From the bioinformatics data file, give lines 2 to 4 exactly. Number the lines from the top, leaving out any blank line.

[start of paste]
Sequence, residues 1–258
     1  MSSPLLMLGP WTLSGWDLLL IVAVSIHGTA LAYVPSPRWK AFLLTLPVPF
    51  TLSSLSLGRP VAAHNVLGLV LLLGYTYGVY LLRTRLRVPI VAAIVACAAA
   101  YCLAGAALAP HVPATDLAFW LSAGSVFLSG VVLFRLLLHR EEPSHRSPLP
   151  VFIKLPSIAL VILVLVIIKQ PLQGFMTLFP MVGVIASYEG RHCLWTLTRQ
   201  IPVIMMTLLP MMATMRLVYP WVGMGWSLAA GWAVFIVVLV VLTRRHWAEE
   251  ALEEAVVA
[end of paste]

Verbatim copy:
     1  MSSPLLMLGP WTLSGWDLLL IVAVSIHGTA LAYVPSPRWK AFLLTLPVPF
    51  TLSSLSLGRP VAAHNVLGLV LLLGYTYGVY LLRTRLRVPI VAAIVACAAA
   101  YCLAGAALAP HVPATDLAFW LSAGSVFLSG VVLFRLLLHR EEPSHRSPLP